In order to build a quantum internet – a network that is faster and more secure than the current internet – the key is the ability to transmit quantum information between remote quantum computers (i.e., nodes). The most familiar approach involves entangling the links between nodes and then using quantum repeaters at intermediate locations to provide entanglement swapping, extending the range of entanglement across km-long networks. In such a system, the performance is inherently limited by the time it takes to establish entanglement between nodes. This time is at best the classical signaling time between the nodes, but with many schemes it is even longer, and increases as network size increases. Since the qubits that store the quantum information are unstable and quickly decohere, quantum memories are required to store quantum information for milliseconds or longer while they wait for entanglement. The result is a theoretical limitation on speed due to the system's design and the need for additional components – quantum memories – to enable a functioning network.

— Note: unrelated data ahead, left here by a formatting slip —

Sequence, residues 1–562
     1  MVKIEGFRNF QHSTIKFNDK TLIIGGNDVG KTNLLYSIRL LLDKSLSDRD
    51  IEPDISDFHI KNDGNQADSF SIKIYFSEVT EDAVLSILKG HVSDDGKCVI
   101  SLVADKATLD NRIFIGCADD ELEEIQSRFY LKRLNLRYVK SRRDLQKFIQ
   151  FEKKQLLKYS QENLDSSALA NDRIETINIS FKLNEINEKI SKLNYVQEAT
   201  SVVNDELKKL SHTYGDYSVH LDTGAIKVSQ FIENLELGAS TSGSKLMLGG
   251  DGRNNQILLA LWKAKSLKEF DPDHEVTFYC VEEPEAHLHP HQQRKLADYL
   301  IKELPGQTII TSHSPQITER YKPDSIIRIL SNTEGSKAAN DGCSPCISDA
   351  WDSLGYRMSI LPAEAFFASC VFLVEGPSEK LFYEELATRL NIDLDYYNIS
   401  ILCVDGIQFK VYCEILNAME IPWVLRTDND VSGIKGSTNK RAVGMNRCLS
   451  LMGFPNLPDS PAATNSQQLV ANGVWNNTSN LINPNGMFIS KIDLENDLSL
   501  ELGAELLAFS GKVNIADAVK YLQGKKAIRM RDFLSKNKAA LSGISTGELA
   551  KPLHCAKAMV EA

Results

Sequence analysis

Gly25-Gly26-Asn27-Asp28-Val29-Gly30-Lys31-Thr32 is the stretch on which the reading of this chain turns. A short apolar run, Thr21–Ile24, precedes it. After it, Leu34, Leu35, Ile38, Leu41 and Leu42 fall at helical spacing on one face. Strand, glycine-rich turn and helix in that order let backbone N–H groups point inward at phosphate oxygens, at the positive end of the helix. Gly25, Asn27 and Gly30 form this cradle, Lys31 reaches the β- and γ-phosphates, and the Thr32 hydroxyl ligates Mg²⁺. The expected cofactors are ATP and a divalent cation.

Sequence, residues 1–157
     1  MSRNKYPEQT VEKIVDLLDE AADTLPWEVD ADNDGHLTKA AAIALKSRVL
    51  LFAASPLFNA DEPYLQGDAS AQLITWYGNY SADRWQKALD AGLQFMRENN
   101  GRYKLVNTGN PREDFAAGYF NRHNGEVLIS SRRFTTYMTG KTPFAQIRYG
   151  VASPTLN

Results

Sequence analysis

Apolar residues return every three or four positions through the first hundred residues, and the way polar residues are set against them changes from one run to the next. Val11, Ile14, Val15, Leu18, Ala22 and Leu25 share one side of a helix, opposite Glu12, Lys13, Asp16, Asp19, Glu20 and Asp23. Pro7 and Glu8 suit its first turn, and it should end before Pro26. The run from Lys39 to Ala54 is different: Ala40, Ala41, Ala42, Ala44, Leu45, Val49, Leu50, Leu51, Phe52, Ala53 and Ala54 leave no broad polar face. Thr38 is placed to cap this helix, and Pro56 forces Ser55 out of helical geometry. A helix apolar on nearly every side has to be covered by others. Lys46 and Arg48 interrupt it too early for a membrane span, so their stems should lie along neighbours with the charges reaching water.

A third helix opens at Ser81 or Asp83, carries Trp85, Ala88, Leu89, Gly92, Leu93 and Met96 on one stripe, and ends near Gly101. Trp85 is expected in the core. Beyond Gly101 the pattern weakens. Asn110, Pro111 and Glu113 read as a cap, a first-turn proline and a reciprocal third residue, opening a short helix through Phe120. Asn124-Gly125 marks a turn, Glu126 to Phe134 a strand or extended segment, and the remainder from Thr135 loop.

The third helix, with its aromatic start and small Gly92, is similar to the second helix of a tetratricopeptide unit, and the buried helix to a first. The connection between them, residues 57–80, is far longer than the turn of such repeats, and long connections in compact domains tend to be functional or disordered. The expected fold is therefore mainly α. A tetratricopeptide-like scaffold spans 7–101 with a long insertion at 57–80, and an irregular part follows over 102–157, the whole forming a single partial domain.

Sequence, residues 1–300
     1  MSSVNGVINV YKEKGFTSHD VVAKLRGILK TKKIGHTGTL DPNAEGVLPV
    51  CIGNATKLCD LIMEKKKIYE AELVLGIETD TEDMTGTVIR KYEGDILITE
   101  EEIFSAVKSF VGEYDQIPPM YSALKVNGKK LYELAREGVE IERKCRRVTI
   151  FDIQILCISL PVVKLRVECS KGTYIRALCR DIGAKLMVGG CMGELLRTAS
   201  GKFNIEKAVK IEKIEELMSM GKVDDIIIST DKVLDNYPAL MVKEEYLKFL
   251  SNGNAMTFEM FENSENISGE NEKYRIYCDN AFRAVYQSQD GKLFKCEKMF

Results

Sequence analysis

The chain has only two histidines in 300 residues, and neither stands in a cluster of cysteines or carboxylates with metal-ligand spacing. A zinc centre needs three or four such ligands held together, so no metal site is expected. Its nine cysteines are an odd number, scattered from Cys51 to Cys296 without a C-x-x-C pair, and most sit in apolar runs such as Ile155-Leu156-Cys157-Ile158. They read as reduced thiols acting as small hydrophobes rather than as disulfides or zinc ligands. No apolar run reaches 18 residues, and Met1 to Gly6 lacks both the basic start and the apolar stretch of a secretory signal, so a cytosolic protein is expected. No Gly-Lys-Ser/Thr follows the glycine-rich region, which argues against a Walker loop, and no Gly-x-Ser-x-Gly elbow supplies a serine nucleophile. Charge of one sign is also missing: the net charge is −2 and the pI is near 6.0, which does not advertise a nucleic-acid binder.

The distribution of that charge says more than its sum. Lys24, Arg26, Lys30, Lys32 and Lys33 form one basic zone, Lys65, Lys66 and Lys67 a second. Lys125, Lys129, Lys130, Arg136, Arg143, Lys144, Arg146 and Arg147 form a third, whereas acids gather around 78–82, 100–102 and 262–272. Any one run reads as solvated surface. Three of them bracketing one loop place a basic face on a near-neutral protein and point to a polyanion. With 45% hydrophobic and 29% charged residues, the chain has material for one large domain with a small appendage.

Read more at: http://phys.org/news/2012-10-quantum-entanglement-faster-previously-thought.html#jCp

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Evolution for free? Self-organization as driver of natural selection

Evolution for free? Self-organization as driver of natural selection | Knowmads, Infocology of the future | Scoop.it

 In his book "The Origins of Order", Stuart Kauffman [3] uses the term "order for free". Order for free refers to the seeming lack of thermodynamic cost to the spontaneous generation of order observed in self-organizing systems. Of course, self-organizing processes must conform to thermodynamic constraints, but nevertheless result in highly ordered patterns. Two common examples of self- organization in biology are morphogenesis (a developmental process - [4]) and insect nest building (a behavioral process - [5]).


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Building powered by algae growing on its facade | KurzweilAI

Building powered by algae growing on its facade | KurzweilAI | Knowmads, Infocology of the future | Scoop.it